A huge part of human culture and civilization is the idea of celebration and honoring certain days or occasions in special ways. Throughout history, all around the world, people have remembered events of the past and enjoyed all kinds of celebrations, including festivals, ceremonies, traditions, and parties, as well as more somber acts of remembrance to honor tragic events or people who passed away. In the US, various holidays and special events can be enjoyed all around the nation at different times of year.
September heralds the final weeks of summer and the beginning of fall, with shorter days and lower temperatures arriving for most parts of the nation. It’s a time at which people can look back on their summer activities and vacations, as well as looking forward to the coming months of work or study, as well as the buildup to other major holidays like Halloween, Thanksgiving, and Christmas, that are set to arrive in the following months. Here are some key details on a few of September’s most well-known holidays and events.
Labor Day – September 1-7 (Federal)
A public, federal holiday, Labor Day is held on the first Monday of September every year and is dedicated to the American labor movement and American workers throughout history. It's a day on which the nation acknowledges the vast efforts of workers of all kinds, recognizing that the country would not be as successful or prosperous as it is without so many individuals working hard over the years. Labor Day itself is part of the 3-day weekend commonly known as Labor Day Weekend.
The history of this holiday goes back to the late 1800s, with trade unions being the ones to first suggest the idea. The first ever Labor Day parade was held in New York City in 1882, and other cities and states followed suit in the years that followed, before the holiday was made official in 1894. Labor Day is generally regarded as the 'unofficial end of summer', despite the season continuing through to later in the month. In recent years, Labor Day has become highly commercialized, with many businesses and retailers running huge sales on products and services during Labor Day Weekend.
Patriot Day – September 11
Not to be confused with Patriots' Day, Patriot Day is held on September 11 of each year and is one of the more recent additions to the American calendar, being organized in response to the terrible September 11 terrorist attacks in which 2,996 people were killed and thousands more injured. This day came about in the aftermath of the 9/11 attacks, with then-President George W. Bush initially proclaiming that September 14 be a day of remembrance, but this was later changed to September 11.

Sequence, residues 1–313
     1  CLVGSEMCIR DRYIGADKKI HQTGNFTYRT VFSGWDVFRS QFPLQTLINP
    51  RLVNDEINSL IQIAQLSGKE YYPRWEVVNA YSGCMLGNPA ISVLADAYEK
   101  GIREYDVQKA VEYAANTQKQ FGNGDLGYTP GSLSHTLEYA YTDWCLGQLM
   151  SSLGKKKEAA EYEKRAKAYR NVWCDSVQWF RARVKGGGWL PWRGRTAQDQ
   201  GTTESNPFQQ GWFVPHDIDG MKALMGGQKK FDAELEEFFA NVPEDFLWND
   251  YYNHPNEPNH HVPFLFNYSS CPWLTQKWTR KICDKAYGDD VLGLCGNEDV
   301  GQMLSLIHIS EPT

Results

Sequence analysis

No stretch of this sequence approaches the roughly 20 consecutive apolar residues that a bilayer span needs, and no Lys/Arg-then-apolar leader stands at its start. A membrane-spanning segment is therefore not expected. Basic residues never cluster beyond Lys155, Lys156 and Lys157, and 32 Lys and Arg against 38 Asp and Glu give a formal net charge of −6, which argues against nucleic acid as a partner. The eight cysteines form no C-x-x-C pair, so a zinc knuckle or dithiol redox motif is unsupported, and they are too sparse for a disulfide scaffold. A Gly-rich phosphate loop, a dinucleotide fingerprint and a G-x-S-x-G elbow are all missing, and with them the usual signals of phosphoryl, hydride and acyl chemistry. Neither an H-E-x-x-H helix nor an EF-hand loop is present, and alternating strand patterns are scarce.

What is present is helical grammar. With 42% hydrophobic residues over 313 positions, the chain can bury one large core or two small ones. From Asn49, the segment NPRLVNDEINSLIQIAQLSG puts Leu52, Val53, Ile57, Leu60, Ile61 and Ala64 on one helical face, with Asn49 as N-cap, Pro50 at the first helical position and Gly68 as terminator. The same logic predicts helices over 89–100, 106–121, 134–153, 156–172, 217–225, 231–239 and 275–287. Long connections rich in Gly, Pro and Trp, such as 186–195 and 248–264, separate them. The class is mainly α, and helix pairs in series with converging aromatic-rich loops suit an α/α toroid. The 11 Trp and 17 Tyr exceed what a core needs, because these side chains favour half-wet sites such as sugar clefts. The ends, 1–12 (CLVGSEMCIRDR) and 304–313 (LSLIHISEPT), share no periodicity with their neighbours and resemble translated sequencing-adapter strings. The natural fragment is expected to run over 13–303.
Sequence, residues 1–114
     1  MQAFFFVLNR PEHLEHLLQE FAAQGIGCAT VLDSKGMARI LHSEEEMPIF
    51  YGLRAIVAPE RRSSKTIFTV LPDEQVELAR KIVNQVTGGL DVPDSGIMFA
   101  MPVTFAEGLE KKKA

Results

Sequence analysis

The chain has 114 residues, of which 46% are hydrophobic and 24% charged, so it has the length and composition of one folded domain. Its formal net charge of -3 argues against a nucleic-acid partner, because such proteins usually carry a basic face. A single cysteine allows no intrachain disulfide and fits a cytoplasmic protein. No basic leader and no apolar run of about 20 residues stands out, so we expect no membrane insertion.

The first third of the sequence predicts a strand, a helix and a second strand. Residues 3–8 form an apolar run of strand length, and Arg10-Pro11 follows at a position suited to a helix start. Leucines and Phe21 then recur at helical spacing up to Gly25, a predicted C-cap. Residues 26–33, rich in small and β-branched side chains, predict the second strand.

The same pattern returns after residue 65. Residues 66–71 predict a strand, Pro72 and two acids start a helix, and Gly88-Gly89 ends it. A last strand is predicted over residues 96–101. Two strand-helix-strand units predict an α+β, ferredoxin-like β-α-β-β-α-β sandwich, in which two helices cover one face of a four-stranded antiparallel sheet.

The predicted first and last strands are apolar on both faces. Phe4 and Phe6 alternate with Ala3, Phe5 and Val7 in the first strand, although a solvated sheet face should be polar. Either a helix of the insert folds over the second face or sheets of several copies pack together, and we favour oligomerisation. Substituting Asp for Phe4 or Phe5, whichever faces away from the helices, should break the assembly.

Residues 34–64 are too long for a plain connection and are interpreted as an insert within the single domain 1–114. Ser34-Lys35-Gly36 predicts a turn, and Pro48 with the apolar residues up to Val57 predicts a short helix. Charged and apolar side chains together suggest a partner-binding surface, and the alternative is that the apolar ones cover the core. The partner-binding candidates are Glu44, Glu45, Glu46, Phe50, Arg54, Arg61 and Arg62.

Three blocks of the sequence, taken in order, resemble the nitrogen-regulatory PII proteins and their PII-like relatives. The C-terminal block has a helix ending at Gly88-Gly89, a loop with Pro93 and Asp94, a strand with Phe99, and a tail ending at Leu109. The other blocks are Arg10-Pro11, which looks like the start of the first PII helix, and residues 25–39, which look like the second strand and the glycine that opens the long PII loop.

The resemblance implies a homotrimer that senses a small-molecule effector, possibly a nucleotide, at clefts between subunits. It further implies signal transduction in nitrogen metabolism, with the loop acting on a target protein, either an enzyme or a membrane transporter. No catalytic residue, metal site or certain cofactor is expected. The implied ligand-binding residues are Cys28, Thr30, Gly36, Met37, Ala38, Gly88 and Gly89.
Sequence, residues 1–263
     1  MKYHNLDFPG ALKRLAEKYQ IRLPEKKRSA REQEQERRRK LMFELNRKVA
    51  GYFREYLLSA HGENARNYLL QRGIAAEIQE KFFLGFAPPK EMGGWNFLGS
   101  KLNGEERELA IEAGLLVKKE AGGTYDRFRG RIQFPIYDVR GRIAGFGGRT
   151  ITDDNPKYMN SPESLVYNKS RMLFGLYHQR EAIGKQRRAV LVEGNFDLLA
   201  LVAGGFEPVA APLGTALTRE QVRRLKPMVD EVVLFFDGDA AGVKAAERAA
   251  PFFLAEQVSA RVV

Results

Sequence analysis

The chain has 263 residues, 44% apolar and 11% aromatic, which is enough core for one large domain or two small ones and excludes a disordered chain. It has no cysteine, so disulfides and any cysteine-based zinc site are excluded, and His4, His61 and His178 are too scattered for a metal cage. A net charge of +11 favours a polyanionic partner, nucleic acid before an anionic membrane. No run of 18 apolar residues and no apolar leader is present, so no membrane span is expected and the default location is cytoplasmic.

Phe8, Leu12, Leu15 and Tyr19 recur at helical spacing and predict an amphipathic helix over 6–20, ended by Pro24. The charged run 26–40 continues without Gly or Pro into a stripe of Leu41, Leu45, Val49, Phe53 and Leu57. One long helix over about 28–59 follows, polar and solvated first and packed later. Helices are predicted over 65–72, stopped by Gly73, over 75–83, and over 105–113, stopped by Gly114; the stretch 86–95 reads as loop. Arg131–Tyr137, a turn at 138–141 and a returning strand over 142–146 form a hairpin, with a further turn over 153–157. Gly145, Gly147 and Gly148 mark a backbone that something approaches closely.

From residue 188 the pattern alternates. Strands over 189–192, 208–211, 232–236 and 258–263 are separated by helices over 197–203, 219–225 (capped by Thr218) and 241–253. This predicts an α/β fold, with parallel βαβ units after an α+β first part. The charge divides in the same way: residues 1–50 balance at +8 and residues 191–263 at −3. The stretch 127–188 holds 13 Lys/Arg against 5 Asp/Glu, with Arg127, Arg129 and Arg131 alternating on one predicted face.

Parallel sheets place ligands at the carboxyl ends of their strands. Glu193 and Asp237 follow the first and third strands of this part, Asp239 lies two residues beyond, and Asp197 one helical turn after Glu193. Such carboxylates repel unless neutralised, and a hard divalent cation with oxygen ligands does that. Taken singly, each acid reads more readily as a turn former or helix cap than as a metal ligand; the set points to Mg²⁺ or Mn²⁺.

On this day, the American flag is flown at half-staff on all major buildings around the nation, including the White House, with American citizens encouraged to fly their flags outside their homes as well. A minute of silence is held to remember the victims of the attacks and memorial services are held at various locations around the country, particularly in New York City, where the attacks occurred.
National Hispanic Heritage Month – September 15 - October 15
National Hispanic Heritage Month runs from September 15 through to October 15 in the US and is a time for people to acknowledge and celebrate the contributions and achievements of Hispanic and Latino Americans. The month was first proclaimed by President Lyndon Johnson back in 1968 and initially covered just a week of celebration, but was later expanded to a 30-day period in 1988. September 15 is a key date for many Latin American countries, being the date on which Costa Rica, Nicaragua, Guatemala, Honduras, and El Salvador all declared their independence. Other Latin American countries like Mexico and Chile also declared independence not far from this date.
During National Hispanic Heritage Month, schools and educational institutions may focus on the achievements of Latino and Hispanic Americans over the years. In addition, various live music events and festivals are held in certain locations around the country, like the El Barrio Latin Jazz festival in New York City. The US is a diverse nation with many people having Hispanic heritage, so this period of the year is a special time for these citizens of the US to feel additional pride in the achievements of Hispanic people over the years.